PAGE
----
A new memorial, which graces the corner of Oneida and 17th streets above Knox Stadium at Juniata College, was dedicated on Saturday, Sept. 29 to honor the late Steve Hayes, a dedicated local football coach who passed away Dec. 29, 2016.
Placed at the intersection of campus and community, the memorial is topped with a carving of an eagle poised for flight as a fitting tribute to a man who worked hard to help his players—both college and high school—soar on and off the field.
“He was one of our coaches and one of the members of our family here,” said Juniata College President James Troha. “As you think about it, being at an intersection here, it is reflective of what he meant in our community.”
Mr. Hayes served as an assistant football coach at Juniata College for over 25 years and at Bucknell University as well as Mifflin County High School, Lewistown, State College Area High School, the former Kishacoquillas High School, Reedsville, and at the former Indian Valley High School, Lewistown.
The memorial came about through the hard work and dedication of Mr. Hayes’ friend Vince Inzerillo of Lewistown.
“Coach Hayes and I had been buddies for years. We coached together in high school and here at Juniata,” Inzerillo said. “His untimely passing was not fair. He spent 25 years here at Juniata College coaching. He mentored many, many Juniata College men. His players loved him and he loved them.”
Inzerillo said his desire was to make a tribute to his dear friend at a place he had loved so much.
“He lived for football and loved it,” he said. “He made his players better people as well as better players. That’s the goal. You want to win football games, you want to play well, but you are teaching them about life and making them better people. He certainly did that. That was his coaching philosophy.”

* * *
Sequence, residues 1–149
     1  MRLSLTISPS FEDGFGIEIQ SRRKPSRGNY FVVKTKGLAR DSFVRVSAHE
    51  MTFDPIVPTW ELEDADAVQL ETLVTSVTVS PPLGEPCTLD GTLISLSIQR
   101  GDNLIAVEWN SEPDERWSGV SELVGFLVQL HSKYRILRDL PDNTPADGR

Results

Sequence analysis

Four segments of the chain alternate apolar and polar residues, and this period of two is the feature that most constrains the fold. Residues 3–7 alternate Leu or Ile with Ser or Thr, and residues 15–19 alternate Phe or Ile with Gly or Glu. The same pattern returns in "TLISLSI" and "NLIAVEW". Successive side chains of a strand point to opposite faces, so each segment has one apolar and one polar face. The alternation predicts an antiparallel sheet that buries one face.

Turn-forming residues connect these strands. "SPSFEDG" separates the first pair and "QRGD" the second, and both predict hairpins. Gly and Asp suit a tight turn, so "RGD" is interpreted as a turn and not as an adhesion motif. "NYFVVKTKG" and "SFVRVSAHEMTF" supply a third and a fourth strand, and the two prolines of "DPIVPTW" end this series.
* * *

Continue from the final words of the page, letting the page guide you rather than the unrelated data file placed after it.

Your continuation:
A new memorial located above Knox Stadium was dedicated Saturday morning to honor the late Steve Hayes, a dedicated local football coach. Taking part in the ceremony were, from the left, Joel Diamond, Greg Curley, Juniata College President James Troha, Debra Hayes, Vince Inzerillo, Jeff Hayes holding daughter, Emma, and Chrissy Hayes.Photo by April Feagley
That legacy carries on in the lives of his players.
“They matured and they became great men,” said Inzerillo. “They are pillars of their communities. Winning is important, but making them better people is more important.”
Inzerillo worked with local artisan Tim Klock to design a chainsaw carving of the eagle, which sits atop a pillar surrounded by a small garden and seating area overlooking the stadium.
“I think it’s a good tribute for a man who deserved it,” he said.
Mr. Hayes’ wife, Debra; son, Jeff; daughter-in-law, Chrissy; and granddaughter, Emma, took part in the dedication ceremony and were presented with a special Eagles helmet with an “SH’ insignia on the back.
“Even as it was being constructed, my wife and I and our daughter would stop down to see the progress. He was a special guy. It turned out great. It’s amazing,” said Jeff Hayes. “He’d be proud, but he was never a person who wanted to seek attention.”
The spot is one Troha anticipates will be photographed and visited often by generations of students to come.
“I think it’s spectacular. This may become like the Nittany Lion as a picture spot,” he said. “You can see it from a lot of different angles from our campus. It’s a great testament to Steve. I appreciate Vince’s vision and generosity in making this happen.”
—by April Feagley, staff writer, The Huntingdon Daily News—